A school teacher and a museum curator fall madly in love with a handsome policeman. Flash forwards tell us that it will end in tears. Why do we revisit stories of queer trauma? The back-alley hook ups. The brutal beatings. The misery. Is it to honor our elders? To educate our youth? To campaign for awards? Or, in My Poilceman’s case, is it an excuse to strip Harry Styles naked?
Styles commits to his love scenes; clumsy shags with his innocent wife (Emma Corwin) and passionate tumbles with his worldly boyfriend (MVP David Dawson). Intimacy Coordinator Ben Wright skillfully traced the arc of the relationships in these sequences. Each moan and thrust sent a collective shudder through the fans at my screening. This is what it feels like to make love to a fantasy. The problems start when he has to talk.
Bethan Roberts’s 2012 novel (loosely inspired by the life of E.M. Forster) presents the titular policeman as an enigma. A cipher for his admirers to project their hopes and dreams upon. (The same could be said of Styles himself.) To his wife he’s confident and manipulative. To his lover he’s innocent and curious. Styles lacks the training to flesh out the thinly sketched character. His flat voice and awkward line readings inspire chuckles. He looks delicious in his period costumes. But we’re meant to believe that Corwin and Dawson waste their lives pining for him. There needs to be a greater reason than simple lust.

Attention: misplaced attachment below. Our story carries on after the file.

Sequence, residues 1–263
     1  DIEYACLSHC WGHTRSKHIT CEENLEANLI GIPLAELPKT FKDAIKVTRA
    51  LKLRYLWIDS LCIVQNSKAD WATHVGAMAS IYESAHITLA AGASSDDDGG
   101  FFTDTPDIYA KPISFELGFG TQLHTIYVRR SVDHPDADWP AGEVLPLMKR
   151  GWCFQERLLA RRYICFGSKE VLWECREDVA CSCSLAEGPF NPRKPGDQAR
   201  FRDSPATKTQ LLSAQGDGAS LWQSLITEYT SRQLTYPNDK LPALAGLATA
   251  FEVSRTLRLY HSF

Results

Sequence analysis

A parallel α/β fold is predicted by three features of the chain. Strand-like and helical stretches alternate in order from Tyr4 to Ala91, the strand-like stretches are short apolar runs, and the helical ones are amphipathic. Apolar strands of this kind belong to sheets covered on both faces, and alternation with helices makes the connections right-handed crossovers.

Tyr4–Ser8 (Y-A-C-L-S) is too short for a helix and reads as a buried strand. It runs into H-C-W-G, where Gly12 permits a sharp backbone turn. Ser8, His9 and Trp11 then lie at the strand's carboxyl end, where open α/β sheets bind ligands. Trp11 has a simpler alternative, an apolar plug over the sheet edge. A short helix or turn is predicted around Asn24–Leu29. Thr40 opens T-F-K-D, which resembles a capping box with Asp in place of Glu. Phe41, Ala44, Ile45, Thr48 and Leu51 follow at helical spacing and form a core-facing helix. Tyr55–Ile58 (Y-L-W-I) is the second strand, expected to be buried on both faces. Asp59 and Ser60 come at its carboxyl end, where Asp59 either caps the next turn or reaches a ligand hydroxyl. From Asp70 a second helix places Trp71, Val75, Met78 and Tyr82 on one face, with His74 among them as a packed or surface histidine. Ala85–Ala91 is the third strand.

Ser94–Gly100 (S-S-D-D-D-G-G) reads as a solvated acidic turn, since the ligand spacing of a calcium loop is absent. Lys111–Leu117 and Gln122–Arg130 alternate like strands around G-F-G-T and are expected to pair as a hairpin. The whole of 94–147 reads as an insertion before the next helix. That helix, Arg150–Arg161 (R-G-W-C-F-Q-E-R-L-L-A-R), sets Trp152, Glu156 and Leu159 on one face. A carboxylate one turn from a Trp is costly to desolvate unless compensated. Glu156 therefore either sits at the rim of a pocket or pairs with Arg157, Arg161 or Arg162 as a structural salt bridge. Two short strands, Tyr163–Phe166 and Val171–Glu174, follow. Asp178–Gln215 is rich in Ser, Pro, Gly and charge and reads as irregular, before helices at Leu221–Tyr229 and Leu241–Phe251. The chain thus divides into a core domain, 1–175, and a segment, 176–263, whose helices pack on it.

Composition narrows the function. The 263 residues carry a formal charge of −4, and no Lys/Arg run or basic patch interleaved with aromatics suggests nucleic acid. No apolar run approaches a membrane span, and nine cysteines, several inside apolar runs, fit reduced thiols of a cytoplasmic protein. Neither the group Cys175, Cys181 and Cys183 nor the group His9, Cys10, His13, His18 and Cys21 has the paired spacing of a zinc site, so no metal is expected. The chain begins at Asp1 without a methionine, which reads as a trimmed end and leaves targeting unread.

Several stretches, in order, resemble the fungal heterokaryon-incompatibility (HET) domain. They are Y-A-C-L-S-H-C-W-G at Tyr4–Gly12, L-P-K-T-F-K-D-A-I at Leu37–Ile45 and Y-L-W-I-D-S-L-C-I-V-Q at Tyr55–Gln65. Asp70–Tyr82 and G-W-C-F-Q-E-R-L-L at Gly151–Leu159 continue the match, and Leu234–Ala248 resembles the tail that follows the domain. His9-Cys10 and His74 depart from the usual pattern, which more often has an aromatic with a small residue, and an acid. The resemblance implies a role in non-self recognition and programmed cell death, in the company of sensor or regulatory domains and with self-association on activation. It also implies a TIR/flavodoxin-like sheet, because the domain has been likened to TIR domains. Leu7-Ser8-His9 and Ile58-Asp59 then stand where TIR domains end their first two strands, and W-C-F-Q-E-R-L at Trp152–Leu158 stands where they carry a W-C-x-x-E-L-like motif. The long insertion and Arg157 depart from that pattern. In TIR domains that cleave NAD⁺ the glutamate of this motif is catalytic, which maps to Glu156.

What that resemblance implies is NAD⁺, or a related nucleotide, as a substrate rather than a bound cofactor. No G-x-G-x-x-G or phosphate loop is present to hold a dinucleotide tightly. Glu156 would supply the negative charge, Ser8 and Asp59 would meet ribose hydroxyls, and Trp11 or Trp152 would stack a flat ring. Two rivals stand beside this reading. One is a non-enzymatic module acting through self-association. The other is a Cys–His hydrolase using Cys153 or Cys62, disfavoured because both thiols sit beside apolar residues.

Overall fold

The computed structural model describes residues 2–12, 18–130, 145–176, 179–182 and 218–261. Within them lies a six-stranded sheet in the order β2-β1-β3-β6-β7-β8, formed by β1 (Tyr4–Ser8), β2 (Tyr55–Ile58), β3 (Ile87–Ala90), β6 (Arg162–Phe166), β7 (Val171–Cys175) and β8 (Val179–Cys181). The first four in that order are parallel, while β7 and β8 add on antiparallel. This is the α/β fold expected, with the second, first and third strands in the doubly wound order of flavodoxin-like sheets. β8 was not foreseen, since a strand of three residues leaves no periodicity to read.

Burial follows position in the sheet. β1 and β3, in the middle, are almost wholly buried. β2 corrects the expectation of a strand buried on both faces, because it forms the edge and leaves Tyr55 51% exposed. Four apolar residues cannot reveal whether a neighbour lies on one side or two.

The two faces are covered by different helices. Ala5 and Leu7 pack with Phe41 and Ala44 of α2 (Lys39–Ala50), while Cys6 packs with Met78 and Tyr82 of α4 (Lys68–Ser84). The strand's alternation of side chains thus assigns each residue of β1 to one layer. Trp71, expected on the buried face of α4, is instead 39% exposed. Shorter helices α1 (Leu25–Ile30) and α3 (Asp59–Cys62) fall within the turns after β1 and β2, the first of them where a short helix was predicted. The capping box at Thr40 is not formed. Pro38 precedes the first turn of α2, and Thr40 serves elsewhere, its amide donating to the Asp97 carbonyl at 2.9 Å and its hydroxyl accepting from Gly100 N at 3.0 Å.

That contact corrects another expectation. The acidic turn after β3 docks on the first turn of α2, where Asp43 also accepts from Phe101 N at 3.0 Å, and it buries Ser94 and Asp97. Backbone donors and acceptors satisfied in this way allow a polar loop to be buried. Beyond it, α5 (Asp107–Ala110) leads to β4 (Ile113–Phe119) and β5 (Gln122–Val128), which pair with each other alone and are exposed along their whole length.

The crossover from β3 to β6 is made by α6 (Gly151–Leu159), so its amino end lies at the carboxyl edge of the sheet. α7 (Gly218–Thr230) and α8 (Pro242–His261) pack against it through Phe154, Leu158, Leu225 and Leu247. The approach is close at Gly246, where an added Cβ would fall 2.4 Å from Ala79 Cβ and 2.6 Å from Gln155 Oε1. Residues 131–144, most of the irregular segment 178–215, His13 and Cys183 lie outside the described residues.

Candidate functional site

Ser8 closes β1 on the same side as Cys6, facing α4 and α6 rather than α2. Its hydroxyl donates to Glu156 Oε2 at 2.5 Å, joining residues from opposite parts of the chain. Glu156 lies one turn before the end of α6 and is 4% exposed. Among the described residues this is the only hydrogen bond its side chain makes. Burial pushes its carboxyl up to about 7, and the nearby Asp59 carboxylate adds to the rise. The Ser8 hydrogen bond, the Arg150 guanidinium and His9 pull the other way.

A framing device revisits the trio four decades later. Gina McKee, Linus Roache and Rupert Everett can’t make sense of the bitter grumps. There’s no explanation of why McKee and Roache stayed in a lavender marriage. Or why nothing of interest has happened to them since 1957. They exist to provide a catharsis that their younger selves were denied.
My Policeman isn’t a bad movie. Corwin and Dawson give compelling performances. But others have told this story better. If you want an uneasy bisexual love triangle, check out 1971’s Sunday, Bloody Sunday. If you want to see the stars in similar roles then watch Rupert Everett in The Happy Prince, Linus Roache in Priest or Emma Corwin in season four of The Crown. If you want to see Harry Styles’s lovely body, sans tattoos, then check out My Policeman.
You can find my reviews on The Avocado, Letterboxd and Serializd. My podcast, Rainbow Colored Glasses, can be found here.